• Nebraska: A measure to raise the state’s gas tax by 6 cents won narrow approval in the state Senate last week, The Beatrice Daily Sun reported. The bill (LB 610) still has to clear two more rounds of voting before it would end up on the desk of Gov. Pete Ricketts, who has said he’s opposed to raising the tax.
  • New Hampshire: House Republicans abandoned a plan to increase the state’s gas tax after it became clear they could not muster enough support for the measure, the Associated Press reported. Lawmakers are now looking at other ways to try to avoid $88 million in cuts to the state DOT budget. While New Hampshire increased its gas tax by four cents last year, none of those funds went to the department’s budget. The revenues were targeted instead toward specific repair projects.
  • New Jersey: Lawmakers and transportation officials now say a permanent fix for the state’s Transportation Trust Fund is unlikely this year after talks broke down in the efforts to find new revenues, The Record reported. Gov. Chris Christie is proposing a plan to eke out another year for the fund with a combination of bond proceeds, cash balances, Port Authority money and a loan repayment from New Jersey Transit, according to NJ.com. But Christie’s proposed budget would not provide enough for the state to fix its backlog of structurally deficient bridges, The Record reported. Meanwhile, Christie’s transportation chief Jamie Fox continues to say the state is in the midst of a transportation crisis.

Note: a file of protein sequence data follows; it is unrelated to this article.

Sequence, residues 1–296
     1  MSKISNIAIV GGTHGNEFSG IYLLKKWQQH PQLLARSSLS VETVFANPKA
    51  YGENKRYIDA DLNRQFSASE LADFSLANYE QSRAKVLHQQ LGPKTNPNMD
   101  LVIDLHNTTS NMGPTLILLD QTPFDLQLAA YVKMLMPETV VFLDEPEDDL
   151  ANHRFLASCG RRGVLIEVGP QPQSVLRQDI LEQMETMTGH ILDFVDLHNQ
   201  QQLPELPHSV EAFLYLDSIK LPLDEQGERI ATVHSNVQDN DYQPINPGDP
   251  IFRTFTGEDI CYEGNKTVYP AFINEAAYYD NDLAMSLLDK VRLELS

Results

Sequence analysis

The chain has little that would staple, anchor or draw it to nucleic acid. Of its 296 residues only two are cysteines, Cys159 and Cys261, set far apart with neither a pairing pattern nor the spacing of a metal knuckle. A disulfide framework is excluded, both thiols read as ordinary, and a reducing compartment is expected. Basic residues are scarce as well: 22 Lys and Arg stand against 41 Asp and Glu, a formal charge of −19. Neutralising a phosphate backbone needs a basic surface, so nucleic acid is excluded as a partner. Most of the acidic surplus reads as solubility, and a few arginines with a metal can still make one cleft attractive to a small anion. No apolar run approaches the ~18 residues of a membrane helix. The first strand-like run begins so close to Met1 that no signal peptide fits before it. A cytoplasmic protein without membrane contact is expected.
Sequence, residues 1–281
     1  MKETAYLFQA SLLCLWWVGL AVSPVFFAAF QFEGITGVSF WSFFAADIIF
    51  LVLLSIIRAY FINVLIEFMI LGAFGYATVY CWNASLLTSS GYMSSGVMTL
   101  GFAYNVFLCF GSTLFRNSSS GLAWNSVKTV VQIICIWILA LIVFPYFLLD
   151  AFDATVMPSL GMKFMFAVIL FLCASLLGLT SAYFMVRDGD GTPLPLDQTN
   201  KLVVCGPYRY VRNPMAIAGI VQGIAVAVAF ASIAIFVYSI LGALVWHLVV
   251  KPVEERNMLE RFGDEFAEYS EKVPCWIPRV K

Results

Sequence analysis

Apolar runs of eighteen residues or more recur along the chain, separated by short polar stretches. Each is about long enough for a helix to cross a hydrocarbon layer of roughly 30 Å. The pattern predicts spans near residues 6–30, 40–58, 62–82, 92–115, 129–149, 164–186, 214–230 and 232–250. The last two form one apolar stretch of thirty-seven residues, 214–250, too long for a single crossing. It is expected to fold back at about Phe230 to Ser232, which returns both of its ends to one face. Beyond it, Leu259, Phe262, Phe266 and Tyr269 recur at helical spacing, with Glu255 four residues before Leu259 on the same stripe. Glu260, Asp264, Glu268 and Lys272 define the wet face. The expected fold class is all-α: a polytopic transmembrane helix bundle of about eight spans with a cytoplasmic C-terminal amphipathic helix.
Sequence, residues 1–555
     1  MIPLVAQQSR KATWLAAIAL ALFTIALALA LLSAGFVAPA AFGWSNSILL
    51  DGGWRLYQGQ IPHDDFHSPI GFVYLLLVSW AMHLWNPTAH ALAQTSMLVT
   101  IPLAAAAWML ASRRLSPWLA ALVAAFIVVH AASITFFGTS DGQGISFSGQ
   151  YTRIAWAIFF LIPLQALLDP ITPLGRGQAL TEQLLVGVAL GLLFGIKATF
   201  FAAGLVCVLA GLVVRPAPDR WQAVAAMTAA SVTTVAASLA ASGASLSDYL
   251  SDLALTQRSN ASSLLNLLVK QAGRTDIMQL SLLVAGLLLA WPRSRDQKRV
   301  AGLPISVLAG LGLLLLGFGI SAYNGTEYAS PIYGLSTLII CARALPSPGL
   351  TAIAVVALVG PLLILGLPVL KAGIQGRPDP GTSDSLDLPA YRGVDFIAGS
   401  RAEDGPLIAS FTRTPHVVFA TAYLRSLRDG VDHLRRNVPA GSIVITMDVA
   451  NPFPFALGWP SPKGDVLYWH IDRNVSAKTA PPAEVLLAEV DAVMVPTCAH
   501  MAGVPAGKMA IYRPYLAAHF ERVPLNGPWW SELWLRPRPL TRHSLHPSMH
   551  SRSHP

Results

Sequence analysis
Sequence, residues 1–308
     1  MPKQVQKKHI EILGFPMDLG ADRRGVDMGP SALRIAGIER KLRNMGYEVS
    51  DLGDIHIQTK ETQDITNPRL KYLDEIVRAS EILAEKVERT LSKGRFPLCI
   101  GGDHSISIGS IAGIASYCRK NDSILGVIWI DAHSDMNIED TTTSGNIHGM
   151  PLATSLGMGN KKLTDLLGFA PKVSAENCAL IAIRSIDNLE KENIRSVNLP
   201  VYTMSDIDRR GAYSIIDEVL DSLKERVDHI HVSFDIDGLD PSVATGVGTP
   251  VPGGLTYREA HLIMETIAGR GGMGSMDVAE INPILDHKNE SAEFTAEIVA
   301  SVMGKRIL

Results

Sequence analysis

• North Carolina: Lawmakers approved a measure that will cause the gas tax to drop a few pennies over the next 15 months but will ward off a larger tax cut that could have cost the state $800 million in transportation funding over the next four years, The Charlotte Observer reported. The law installs a new gas tax formula based on population growth and energy cost inflation and eliminates a volatile formula that produced wide swings in the tax rate mirroring the swings in global fuel prices. The state’s fuel tax had been composed of a flat rate and a wholesale component that was adjusted twice annually. 
  • Oregon: Efforts by lawmakers to reach agreement on new revenue to pay for improvements to the state’s roads and bridges stalled, the NW News Network reported last month. A proposed gas tax increase appeared to be the preferred revenue mechanism but Republicans are concerned about separate legislation to make fuel producers lower the amount of carbon in their products, which analysts say will increase the cost of gas by up to 19 cents per gallon. None of that money would go to infrastructure.
  • South Carolina: Legislation to get more money to spend on the state’s roads and bridges appears to be in jeopardy because a plan to change how the state department of transportation operates that Gov. Nikki Haley wants to be a part of the bill has stalled in the state Senate, the Associated Press reported. When lawmakers return to Columbia next week, the House will consider a bill that would raise an additional $400 million for roads and allow the governor to appoint an eight-member commission to run the state DOT. While mostly in line with what Haley wants, the plan also includes a $50 million income tax cut she has said is not enough. Among the transportation revenue mechanisms reportedly in play in recent weeks: a 12-cent gas tax increase phased in over three years indexed to inflation, a doubling of driver’s license fees, increased registration fees, and fees for alternative fuel vehicles and hybrids. Lawmakers still have a couple of months to work out a deal on a transportation bill. The South Carolina legislative session ends in June.